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Leon Kaye headshot

Egypt: Ground Zero for the Water-Energy-Food Nexus

By Leon Kaye

Not all of the Middle East is blessed (or cursed) with rich reserves of hydrocarbons. Egypt is one example of the disparities in wealth and opportunity that are found between the Mediterranean shores and the Strait of Hormuz.

The country hoped it could find some opportunity in the massive Zohr “supergiant” gas field. But those revenues, coupled with Egypt’s notorious corruption, will hardly be enough to lift many of the country’s citizens out of poverty.

In addition, Egypt’s already scarce resources face more strain as the country’s population has surged to over 90 million. The increase, by many accounts, came at a clip of 2 million a year, thanks in part to the country’s high birth rate -- which ranges anywhere from 2.8 to 3.5 children per person, depending on the source cited.

And analysts say Egypt’s population will continue to grow, approaching 120 million by 2030, and could even double current figures in 50 years. With a poverty rate around 28 percent, and per-capita income ($12,100) hovering between Mongolia and Albania, Egypt will need to produce even more water, food and electricity if its people will even have a shot at living in tolerable conditions.

The problem is that the Nile River Valley, which sustained Egypt since before the reign of the pharaohs, is at a tipping point. The vast majority of the country’s citizens live in the lower Nile Valley and delta regions, which together only comprise 3.5 percent of Egypt’s land mass – the rest is, for the most part, harsh and inhospitable desert.

While 70 percent of the Nile’s water flow originates in Ethiopia, 200 years of development has resulted in what is now less than 10 percent of the Nile’s water actually reaching the Mediterranean.

According to a study launched by the Geological Society of America (GSA), the combination of sea-level rise and the lowering of the delta region’s land due to the increased deposits of sediment spells doom for Egypt’s agricultural sector. The GSA’s research suggests that by the end of this century, as many as 25 miles of the delta’s coastline could be lost, turning much of what was once Egypt’s rich soil into a saline disaster area.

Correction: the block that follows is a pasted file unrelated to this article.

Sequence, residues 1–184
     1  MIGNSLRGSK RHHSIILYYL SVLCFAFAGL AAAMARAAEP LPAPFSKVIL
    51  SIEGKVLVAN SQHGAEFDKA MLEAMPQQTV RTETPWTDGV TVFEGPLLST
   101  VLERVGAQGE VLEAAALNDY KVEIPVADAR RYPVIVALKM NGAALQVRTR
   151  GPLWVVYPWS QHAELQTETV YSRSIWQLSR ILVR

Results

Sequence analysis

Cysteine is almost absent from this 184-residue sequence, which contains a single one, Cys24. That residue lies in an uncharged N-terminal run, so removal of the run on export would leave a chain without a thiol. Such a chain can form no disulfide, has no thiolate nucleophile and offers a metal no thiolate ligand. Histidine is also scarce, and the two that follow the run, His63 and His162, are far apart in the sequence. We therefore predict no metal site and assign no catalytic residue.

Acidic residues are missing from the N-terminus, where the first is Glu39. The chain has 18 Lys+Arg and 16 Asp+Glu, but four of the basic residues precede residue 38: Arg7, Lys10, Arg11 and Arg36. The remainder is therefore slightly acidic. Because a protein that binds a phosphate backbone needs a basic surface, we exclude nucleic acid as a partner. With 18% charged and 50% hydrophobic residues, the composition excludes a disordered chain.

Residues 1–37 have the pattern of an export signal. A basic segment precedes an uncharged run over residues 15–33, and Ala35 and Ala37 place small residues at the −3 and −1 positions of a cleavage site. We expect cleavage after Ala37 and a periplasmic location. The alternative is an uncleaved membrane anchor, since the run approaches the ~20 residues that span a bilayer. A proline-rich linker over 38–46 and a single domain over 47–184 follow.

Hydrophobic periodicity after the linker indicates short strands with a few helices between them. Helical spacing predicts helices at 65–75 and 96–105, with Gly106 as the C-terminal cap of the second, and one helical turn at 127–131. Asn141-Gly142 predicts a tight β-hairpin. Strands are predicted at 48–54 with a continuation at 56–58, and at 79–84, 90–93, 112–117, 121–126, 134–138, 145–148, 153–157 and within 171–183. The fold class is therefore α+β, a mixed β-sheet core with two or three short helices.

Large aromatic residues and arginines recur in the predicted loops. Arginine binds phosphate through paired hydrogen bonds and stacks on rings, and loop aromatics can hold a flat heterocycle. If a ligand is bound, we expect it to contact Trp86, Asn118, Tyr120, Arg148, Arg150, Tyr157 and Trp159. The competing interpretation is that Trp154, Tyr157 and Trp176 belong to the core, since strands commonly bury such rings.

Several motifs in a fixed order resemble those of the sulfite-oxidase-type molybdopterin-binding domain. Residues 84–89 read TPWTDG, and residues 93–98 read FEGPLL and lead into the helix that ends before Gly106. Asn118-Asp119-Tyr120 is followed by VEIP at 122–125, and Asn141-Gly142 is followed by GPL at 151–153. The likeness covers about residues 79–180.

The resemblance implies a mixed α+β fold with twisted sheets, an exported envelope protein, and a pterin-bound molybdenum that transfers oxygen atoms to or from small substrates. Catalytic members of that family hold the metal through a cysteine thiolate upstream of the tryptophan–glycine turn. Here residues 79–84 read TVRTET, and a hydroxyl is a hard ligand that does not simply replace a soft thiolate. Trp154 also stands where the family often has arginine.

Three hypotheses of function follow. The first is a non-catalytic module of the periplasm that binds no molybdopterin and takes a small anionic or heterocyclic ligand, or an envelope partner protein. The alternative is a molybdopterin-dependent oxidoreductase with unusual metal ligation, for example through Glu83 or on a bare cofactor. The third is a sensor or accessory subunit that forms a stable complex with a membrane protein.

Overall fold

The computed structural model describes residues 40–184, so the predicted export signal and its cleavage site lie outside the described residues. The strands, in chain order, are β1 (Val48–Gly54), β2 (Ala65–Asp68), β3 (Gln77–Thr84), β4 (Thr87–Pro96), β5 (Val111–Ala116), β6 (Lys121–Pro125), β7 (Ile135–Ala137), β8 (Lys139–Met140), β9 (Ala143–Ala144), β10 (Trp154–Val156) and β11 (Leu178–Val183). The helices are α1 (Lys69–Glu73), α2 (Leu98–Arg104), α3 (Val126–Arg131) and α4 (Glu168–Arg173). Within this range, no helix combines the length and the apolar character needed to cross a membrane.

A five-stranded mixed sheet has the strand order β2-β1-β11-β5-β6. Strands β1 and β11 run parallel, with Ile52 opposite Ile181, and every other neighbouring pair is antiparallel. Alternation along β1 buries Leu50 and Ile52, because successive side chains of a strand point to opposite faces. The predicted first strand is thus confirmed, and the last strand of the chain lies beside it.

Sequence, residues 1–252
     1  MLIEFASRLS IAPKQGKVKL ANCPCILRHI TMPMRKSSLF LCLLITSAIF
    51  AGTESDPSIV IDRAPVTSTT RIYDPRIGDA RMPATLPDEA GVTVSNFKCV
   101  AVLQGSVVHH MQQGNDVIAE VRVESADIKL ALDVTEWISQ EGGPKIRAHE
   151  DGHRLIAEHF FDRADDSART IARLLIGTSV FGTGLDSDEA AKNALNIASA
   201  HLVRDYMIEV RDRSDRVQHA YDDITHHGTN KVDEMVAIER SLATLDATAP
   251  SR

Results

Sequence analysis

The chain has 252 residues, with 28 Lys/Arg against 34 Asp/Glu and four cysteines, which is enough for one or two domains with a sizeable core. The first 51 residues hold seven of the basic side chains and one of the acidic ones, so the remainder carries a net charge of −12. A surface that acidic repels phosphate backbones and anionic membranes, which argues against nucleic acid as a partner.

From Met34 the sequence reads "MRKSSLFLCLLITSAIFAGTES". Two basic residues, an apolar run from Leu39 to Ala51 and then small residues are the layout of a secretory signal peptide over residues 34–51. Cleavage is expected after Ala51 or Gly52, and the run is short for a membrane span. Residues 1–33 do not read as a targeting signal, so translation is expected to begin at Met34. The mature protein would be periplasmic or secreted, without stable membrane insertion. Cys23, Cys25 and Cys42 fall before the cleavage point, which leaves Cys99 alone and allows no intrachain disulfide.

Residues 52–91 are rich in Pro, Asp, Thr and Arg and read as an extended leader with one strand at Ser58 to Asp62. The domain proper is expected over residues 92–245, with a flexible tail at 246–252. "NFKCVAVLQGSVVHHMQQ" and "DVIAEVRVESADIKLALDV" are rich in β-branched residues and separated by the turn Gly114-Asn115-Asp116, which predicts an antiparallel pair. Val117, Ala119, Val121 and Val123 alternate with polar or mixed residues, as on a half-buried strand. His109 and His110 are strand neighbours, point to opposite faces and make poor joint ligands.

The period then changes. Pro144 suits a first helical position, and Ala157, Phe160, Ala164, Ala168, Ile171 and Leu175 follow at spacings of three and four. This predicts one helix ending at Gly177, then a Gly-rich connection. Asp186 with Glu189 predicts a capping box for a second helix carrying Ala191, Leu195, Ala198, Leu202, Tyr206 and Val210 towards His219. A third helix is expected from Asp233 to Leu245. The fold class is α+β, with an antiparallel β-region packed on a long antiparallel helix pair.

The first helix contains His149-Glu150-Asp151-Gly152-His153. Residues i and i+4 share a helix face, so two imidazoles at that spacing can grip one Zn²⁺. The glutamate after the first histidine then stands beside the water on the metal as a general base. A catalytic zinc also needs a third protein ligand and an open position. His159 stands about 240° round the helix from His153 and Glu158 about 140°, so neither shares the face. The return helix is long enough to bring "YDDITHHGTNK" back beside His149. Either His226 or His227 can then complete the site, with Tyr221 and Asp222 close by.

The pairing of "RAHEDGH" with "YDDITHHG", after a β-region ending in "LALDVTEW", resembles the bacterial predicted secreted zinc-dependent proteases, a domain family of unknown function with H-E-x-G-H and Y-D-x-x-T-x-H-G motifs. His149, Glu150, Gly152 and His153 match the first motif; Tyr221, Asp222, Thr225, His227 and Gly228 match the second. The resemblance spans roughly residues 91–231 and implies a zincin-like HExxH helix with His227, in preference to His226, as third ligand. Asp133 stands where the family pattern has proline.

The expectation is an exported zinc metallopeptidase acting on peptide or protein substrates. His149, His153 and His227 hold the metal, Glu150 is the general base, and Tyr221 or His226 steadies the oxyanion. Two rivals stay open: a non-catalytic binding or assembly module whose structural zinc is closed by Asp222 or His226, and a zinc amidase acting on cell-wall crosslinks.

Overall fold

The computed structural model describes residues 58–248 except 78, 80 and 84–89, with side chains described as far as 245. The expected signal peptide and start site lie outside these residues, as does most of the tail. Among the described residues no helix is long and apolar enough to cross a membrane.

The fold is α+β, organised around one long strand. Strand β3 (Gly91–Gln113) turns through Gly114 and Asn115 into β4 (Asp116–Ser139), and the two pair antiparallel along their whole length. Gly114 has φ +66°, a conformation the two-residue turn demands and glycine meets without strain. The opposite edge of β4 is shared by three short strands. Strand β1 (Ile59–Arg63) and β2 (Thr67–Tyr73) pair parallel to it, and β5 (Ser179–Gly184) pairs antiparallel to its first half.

Compounding Egypt’s struggles is the Grand Ethiopian Renaissance Dam (GERD), which by most press accounts is close to completion. The massive hydroelectric project, itself subjected to a fair share of geopolitical problems, could exacerbate Egypt’s water woes. The same GSA study estimates that once the dam is fully operational, the flow of fresh water disrupted by Ethiopia along the Nile to Egypt could crater as much as 25 percent.

That impending news comes as Egyptians have long confronted water scarcity. Most of the country’s fresh water is sourced from this iconic river, but the average citizen’s water share is approximately 660 cubic meters, far from the 2,800 cubic meters enjoyed during the 1960s.

The United Nations says that when annual water supplies fall below 1,000 cubic meters per person, a country has plunged into water scarcity. In fact, Egypt is rapidly approaching “absolute scarcity” by these accounts. At this current rate, Egypt’s water poverty could render most of the country uninhabitable by the dawn of the next century.

Egypt has many plans on its drawing board to address these problems. Much of the country’s focus is on the redirection of water from Lake Nasser, the massive reservoir created by the completion of the Aswan High Dam in the 1960s.

Lake Nasser has long been an inefficient storage solution, as the GSA study noted that it loses as much as 14 percent of its water annually to seepage and evaporation. One project includes the diversion of some of the lake’s storage to a “new” Nile Valley, but as the Guardian reported, that tactic prompted accusations of land grabbing.

Egypt’s indigenous Nubians, many of whom who were relocated after their ancestral homelands were flooded by the High Aswan Dam, say they have been banned from lands that are rightfully theirs. Many are protesting what they see as the Egyptian government’s disregard for human rights by selling land that is rightfully theirs to well-connected investors who are willing to pay a high price.

Renewables could also help reduce the stress imposed on Egypt’s water and energy infrastructure. Abu Dhabi’s Masdar, for example, has invested in both utility-scale and off-grid solar projects as part of the United Arab Emirates' foreign aid program in Egypt. The country has huge potential for the harvesting of solar power, but critics argue that a corrupt government has killed off what was just a few years ago a promising industry.

Meanwhile, Reuters reported that Egypt’s vast agricultural output, which feeds much of Northern Africa and the Middle East, has been saddled by illegal construction – which will complicate the country’s ability to feed, power and replenish itself with water in the near future.

Image credit: Shaimaa Ahmed Saleh/Flickr

Leon Kaye headshot

Leon Kaye has written for 3p since 2010 and become executive editor in 2018. His previous work includes writing for the Guardian as well as other online and print publications. In addition, he's worked in sales executive roles within technology and financial research companies, as well as for a public relations firm, for which he consulted with one of the globe’s leading sustainability initiatives. Currently living in Central California, he’s traveled to 70-plus countries and has lived and worked in South Korea, the United Arab Emirates and Uruguay.

Leon’s an alum of Fresno State, the University of Maryland, Baltimore County and the University of Southern California's Marshall Business School. He enjoys traveling abroad as well as exploring California’s Central Coast and the Sierra Nevadas.

Read more stories by Leon Kaye